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Autoimmune disease is generally rare in tropical rural populations. Plasma concentrations of nitrite plus nitrate (reactive nitrogen intermediates), reflecting high nitric-oxide production somewhere in the body, can be high in patients who have cerebral malaria, but even higher in symptom-free parasitised individuals, who are termed malaria-tolerant. We propose that the nitric oxide causing high serum levels of reactive nitrogen intermediates in malaria-tolerant individuals is generated in macrophages during the establishment and maintenance of malarial tolerance, and makes autoimmune disease rare in many tropical rural populations by minimising proliferation of autoreactive T cells. Conversely, innately low levels of nitric-oxide generation in these populations, selected by malarial disease in tropical areas, could rationalise their high frequency of autoimmune disease and hypertension when living in western societies.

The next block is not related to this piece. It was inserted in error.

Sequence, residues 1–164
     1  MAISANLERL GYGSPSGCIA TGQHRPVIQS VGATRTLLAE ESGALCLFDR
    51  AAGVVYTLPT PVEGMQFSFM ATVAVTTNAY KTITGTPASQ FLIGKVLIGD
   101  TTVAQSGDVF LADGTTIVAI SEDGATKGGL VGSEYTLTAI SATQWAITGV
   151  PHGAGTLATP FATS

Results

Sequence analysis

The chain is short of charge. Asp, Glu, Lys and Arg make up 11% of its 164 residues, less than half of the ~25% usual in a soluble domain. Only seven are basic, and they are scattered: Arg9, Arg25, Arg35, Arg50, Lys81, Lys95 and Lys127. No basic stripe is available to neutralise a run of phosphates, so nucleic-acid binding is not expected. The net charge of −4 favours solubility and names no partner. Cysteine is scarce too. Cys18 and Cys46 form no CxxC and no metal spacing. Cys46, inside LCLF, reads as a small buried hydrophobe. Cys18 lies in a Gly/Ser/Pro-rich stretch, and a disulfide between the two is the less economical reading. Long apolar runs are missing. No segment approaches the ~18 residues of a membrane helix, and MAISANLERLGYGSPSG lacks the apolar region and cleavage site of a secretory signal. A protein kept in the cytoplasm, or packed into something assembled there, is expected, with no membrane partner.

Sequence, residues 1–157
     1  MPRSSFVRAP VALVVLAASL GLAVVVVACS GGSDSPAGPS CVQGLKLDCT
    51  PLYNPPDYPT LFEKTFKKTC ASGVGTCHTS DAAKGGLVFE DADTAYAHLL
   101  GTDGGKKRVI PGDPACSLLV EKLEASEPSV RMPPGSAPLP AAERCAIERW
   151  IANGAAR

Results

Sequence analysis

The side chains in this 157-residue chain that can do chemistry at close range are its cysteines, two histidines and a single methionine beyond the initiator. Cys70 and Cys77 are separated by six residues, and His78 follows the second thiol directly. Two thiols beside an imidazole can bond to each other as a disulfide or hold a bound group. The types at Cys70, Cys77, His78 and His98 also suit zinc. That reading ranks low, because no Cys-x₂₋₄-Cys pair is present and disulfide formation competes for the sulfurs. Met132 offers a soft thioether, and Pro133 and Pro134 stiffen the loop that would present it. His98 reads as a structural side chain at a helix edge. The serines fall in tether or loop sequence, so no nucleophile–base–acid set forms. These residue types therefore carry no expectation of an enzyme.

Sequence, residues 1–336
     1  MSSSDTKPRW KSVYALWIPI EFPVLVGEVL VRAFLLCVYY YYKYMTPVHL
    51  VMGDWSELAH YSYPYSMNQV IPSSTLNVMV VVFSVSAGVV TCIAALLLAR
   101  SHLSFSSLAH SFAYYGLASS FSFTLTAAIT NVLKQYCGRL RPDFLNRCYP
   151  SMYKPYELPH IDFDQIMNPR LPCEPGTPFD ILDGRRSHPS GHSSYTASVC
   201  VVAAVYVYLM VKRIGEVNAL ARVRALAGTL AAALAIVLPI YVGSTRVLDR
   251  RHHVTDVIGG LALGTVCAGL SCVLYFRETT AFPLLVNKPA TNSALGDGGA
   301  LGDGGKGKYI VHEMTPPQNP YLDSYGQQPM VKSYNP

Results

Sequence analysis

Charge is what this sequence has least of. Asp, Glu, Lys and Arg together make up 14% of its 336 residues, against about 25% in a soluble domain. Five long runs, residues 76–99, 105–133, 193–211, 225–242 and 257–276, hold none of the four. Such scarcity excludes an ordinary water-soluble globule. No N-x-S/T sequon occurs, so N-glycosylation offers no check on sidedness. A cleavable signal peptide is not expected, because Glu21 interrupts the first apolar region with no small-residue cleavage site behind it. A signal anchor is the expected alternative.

Original publication




Journal article


Lancet (London, England)

Publication Date





1492 - 1494


Division of Biochemistry and Molecular Biology, School of Life Sciences, Australian National University, Canberra, Australia.


T-Lymphocytes, Macrophages, Humans, Malaria, Cerebral, Malaria, Autoimmune Diseases, Nitrates, Nitrites, Nitric Oxide, Immunosuppression, Tropical Climate, Immune Tolerance, Africa